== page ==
One point equals one percent. So, if you want to lower your interest rate by one percent, the borrower needs to pay one percent of the principal at closing.
However, this does not lower the principal amount. It merely lowers the interest rate. Origination Points are used in the same fashion and utilized to cover the loan processing expenses.
9. Hypothecation This is just a fancy term for the debt that is incurred by the mortgage. This is what the debtor has when they sign the mortgage (deposit or unencumbered cash) and turn over the money to the seller of the property or the lending institution where the mortgage has not been paid in full.
10. Redemption is when the mortgage, or debt, is paid in full.
11. Mortgage by demise occurs when the creditor takes possession of the property until the debt is fully paid. This form of mortgage was widely used in the past, as the buyer never had just enough cash to buy out the seller outright, therefore had to pay in installments until the debt was paid in full, but it is hardly ever used today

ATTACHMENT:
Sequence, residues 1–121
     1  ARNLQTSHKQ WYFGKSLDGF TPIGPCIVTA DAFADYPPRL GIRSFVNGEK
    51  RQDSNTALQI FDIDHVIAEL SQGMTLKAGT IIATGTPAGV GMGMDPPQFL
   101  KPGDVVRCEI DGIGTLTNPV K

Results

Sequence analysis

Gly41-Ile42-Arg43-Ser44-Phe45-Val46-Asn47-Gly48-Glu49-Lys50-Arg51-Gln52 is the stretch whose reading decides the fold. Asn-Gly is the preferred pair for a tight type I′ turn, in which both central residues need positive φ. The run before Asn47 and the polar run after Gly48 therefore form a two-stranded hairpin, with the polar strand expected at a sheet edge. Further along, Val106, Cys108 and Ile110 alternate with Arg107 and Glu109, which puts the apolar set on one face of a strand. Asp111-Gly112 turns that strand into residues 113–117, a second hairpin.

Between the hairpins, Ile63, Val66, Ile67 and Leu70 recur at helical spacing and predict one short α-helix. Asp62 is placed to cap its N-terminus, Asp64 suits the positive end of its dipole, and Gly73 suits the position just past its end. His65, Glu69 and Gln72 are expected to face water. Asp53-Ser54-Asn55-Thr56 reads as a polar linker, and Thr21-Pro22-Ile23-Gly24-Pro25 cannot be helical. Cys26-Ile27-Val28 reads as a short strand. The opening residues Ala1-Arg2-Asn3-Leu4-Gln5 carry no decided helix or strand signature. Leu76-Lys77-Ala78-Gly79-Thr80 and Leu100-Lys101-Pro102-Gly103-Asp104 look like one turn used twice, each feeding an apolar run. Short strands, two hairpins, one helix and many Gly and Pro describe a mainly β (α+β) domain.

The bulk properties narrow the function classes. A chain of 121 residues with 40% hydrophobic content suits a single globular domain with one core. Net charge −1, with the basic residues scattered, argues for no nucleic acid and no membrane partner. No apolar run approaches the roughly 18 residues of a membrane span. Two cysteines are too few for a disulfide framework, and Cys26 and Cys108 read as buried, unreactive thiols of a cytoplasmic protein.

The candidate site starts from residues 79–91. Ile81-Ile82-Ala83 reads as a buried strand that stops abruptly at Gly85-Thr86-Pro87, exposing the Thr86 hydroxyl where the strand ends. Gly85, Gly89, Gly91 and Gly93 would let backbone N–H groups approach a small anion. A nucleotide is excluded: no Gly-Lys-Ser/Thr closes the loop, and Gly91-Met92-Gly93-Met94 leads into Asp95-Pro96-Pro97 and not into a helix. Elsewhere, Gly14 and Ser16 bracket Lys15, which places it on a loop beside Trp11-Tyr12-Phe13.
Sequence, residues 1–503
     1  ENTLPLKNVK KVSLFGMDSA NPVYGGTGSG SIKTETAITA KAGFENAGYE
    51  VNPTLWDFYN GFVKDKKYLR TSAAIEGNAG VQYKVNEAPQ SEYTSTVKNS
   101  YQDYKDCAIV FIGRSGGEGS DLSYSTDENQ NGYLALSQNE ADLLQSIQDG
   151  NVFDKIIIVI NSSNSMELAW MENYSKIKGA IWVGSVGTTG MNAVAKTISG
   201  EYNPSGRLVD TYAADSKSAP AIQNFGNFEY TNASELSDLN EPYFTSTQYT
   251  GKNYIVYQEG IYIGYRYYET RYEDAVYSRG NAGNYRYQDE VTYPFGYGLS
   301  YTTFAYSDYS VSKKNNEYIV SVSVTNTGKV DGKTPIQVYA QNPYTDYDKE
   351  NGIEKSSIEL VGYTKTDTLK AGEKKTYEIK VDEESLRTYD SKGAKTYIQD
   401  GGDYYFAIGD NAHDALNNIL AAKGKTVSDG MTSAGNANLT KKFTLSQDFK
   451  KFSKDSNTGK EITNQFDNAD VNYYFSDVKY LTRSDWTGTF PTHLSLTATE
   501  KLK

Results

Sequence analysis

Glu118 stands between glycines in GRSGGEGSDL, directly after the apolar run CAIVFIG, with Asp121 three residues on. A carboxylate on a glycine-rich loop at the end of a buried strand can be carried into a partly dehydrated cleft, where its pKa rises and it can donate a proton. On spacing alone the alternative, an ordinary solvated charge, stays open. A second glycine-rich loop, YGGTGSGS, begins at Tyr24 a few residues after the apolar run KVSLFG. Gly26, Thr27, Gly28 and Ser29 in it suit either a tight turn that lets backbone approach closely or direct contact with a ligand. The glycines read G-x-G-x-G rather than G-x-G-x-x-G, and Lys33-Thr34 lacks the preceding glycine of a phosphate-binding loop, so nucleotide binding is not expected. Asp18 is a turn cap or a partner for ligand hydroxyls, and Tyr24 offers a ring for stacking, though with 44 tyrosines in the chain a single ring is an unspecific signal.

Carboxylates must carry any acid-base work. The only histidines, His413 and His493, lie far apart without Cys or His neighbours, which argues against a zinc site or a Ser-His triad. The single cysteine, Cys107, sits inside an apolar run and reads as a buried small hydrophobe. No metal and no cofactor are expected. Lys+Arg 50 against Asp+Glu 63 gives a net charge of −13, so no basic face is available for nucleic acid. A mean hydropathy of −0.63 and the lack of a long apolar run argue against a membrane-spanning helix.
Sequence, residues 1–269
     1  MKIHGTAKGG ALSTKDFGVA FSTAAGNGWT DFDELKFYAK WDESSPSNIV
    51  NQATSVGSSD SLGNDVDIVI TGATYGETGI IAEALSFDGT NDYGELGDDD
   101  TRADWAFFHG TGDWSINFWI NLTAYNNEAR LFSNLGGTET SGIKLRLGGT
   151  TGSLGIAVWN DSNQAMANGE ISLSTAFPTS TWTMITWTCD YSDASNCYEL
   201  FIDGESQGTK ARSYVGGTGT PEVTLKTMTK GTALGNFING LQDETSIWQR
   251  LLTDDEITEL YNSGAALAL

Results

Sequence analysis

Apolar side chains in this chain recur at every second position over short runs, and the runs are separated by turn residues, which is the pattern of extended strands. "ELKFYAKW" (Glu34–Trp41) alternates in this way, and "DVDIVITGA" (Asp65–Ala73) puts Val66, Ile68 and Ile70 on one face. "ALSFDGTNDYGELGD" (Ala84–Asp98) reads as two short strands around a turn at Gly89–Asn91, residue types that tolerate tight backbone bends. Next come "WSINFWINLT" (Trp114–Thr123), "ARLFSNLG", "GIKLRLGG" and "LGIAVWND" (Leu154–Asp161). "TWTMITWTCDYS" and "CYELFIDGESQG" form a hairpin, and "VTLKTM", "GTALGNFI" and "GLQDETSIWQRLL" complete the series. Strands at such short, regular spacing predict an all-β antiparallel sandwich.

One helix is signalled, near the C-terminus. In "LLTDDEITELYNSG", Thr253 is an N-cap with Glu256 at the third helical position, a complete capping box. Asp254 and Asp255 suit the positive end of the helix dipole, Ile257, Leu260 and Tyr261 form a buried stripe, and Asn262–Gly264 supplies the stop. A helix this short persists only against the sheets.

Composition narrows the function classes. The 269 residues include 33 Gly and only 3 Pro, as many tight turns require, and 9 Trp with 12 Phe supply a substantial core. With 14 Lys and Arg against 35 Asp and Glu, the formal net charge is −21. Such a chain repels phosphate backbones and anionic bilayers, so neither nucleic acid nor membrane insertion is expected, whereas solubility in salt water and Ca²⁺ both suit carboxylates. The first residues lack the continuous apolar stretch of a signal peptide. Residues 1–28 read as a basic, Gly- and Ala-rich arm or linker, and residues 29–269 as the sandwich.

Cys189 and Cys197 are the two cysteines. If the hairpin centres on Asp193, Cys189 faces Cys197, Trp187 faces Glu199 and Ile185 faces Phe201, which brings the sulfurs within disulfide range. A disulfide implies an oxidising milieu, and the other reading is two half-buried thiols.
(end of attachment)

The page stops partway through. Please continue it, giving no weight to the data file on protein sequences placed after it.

12. Mortgage by legal charge is the basic type of mortgage that is available today. In this case, the debtor (or buyer) is legally the owner of the property, but the creditor retains enough rights over the property to ensure that it will be paid. This will be done and can be appropriate where it is a private arrangement.
13. Adjustment period – The period between interest rate adjustments, usually denoted in the format of 1-1. The first number is the initial period of the loan for which the interest rate will remain the same. The second number is the adjustment period. It shows the frequency at which the interest rate can be adjusted.